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Editor's Comments on 'Silent Empathy'

 , September 19, 2017

In “Silent Empathy” Ben Frush asks us to go beyond language to envision a more inclusive empathy. In an era characterized by the constant deluge of news and information, silent presence is a tall but apt order. In reading this essay I was reminded of the times I use silent empathy in my own medical practice. As a pediatrician I often have patients who, developmentally, are unable to communicate linguistically. I thought of a baby in the NICU whose parents often were absent and who cried constantly when left alone. One day I sat and rocked her for as long as I could afford to be away from my computer, and suddenly her corner of the NICU was peaceful.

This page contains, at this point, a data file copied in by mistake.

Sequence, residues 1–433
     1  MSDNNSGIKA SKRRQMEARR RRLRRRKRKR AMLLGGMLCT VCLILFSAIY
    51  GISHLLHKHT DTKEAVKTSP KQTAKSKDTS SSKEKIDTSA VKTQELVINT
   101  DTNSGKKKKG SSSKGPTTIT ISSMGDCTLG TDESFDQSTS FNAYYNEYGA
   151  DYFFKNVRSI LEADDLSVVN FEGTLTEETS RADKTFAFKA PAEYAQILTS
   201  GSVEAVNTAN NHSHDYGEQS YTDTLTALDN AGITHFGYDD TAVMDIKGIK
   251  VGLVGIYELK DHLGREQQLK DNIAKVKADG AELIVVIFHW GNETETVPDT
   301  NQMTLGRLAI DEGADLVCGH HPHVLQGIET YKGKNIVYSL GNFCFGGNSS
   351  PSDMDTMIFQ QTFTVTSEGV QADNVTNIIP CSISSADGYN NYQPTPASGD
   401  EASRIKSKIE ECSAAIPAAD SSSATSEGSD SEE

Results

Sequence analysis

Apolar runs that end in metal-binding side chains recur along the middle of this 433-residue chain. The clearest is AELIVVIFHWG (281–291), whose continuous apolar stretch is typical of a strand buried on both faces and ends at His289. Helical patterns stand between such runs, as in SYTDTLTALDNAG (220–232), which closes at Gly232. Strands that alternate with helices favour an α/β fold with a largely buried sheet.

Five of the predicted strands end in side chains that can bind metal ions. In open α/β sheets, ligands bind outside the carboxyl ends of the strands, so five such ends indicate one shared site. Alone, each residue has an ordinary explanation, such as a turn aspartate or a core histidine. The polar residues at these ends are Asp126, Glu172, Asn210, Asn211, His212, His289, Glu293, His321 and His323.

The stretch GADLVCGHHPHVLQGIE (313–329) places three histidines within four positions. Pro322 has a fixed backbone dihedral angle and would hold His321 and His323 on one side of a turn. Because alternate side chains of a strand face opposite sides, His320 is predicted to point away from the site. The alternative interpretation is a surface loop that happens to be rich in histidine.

Comforting presence seems to be a natural therapeutic tool in pediatrics, but Frush highlights how difficult it can be when the patient is an adult. We are used to filling the space between ourselves and other people with language, but I agree with Frush; there seems to be something potentially healing in mindful presence. Furthermore, language sometimes can offer the illusion of connection when we are actually not speaking the same language at all – that is, when we don’t truly understand what our patients mean. I wonder how our clinical – and for that matter, non-clinical – encounters might deepen if we spent more time being silent with others.
Perhaps most importantly, true empathy offers the possibility of effectively caring for patients with whom we can’t find common ground through conversation, no matter how hard we try. As Frush posits, this is critical “to affirm both the plight, and the existence, of those who frequently go unseen because they are unheard.” What might we hear in this deliberate silence?